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Characterization and imaging of lead distribution in bones of lead-exposed birds by ICP-MS and LA-ICP-MS

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Title: Characterization and imaging of lead distribution in bones of lead-exposed birds by ICP-MS and LA-ICP-MS
Authors: Ishii, Chihiro Browse this author
Nakayama, Shouta M. M. Browse this author
Kataba, Andrew Browse this author
Ikenaka, Yoshinori Browse this author
Saito, Keisuke Browse this author
Watanabe, Yukiko Browse this author
Makino, Yoshiki Browse this author
Matsukawa, Takehisa Browse this author
Kubota, Ayano Browse this author
Yokoyama, Kazuhito Browse this author
Mizukawa, Hazuki Browse this author
Hirata, Takafumi Browse this author
Ishizuka, Mayumi Browse this author →KAKEN DB
Keywords: Pb accumulation
Trabecular bone
Bone marrow
Tissue correlation
Issue Date: 1-Dec-2018
Publisher: Elsevier
Journal Title: Chemosphere
Volume: 212
Start Page: 994
End Page: 1001
Publisher DOI: 10.1016/j.chemosphere.2018.08.149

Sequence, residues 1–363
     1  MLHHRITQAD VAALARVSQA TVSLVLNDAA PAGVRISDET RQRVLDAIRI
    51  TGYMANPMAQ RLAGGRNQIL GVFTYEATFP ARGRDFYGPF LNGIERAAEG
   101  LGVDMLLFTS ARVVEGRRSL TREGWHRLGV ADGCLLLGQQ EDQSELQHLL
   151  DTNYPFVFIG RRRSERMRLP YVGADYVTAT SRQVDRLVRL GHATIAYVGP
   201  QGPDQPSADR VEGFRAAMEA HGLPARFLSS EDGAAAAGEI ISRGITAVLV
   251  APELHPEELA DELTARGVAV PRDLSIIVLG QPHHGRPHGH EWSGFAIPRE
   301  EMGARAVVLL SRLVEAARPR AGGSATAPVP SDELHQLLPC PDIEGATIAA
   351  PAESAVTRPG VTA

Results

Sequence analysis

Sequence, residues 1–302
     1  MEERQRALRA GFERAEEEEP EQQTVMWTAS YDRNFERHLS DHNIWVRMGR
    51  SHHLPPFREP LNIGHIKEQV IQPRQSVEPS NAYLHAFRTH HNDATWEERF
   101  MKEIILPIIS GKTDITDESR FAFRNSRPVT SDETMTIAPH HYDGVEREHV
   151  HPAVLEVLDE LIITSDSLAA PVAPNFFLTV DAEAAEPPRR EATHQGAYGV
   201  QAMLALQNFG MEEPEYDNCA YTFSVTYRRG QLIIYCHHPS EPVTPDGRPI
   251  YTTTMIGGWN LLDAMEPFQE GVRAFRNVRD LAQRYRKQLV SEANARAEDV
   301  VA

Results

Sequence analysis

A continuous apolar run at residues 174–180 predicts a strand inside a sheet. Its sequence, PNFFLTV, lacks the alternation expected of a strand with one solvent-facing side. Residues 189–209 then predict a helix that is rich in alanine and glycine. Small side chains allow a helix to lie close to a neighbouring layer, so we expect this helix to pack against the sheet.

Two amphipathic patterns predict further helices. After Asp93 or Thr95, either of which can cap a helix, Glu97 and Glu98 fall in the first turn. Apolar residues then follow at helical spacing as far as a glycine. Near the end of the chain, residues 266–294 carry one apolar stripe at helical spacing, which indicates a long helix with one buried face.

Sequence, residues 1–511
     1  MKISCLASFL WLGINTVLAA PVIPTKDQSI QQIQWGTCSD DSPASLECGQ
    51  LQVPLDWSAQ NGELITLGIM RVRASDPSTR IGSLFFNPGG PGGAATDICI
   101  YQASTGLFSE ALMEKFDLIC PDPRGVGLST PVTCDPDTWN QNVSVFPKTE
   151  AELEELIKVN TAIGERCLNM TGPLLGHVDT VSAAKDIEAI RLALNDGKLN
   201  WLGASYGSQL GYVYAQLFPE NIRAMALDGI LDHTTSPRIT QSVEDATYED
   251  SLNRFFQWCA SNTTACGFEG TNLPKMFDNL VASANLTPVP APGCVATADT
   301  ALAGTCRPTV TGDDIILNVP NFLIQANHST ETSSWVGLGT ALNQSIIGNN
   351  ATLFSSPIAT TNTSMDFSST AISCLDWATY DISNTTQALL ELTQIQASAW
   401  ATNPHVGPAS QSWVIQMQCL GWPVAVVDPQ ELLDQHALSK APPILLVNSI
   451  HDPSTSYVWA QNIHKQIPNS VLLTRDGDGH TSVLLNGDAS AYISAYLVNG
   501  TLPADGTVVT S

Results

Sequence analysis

Abstract: Lead (Pb) poisoning in raptors and water birds is a serious problem in many countries. However, only a small fraction of Pb poisoning has been detected in birds. Bone specimens may be useful indices of Pb exposure because bones contain similar to 90% of the total Pb body burden. The original purpose of this study was to comprehensively analyze Pb accumulation in various bone types using inductively coupled plasma mass spectrometry (ICP-MS). Since our results showed that Pb accumulation differed greatly depending on bone type, a secondary objective was defined, aiming to investigate the fine Pb distribution and its relation to bone structure and bone marrow by using laser ablation (LA)-ICP-MS. Our findings suggested that bone samples (1) consisting of trabecular tissue and (2) those that contain bone marrow could accumulate high levels of Pb following acute exposure. The shorter turnover time of trabecular bone can cause a rapid accumulation of Pb, and bone marrow may have an important role for internal exposure of Pb to bone tissue. Pb is accumulated in bones via blood flow, and bone marrow receives blood from outside the bones. In conclusion, bone samples provide valuable information on Pb exposure and could be useful to investigate and understand mortalities related to suspected Pb poisoning. (C) 2018 Published by Elsevier Ltd.
Type: article (author version)
Appears in Collections:獣医学院・獣医学研究院 (Graduate School of Veterinary Medicine / Faculty of Veterinary Medicine) > 雑誌発表論文等 (Peer-reviewed Journal Articles, etc)

Submitter: 石塚 真由美

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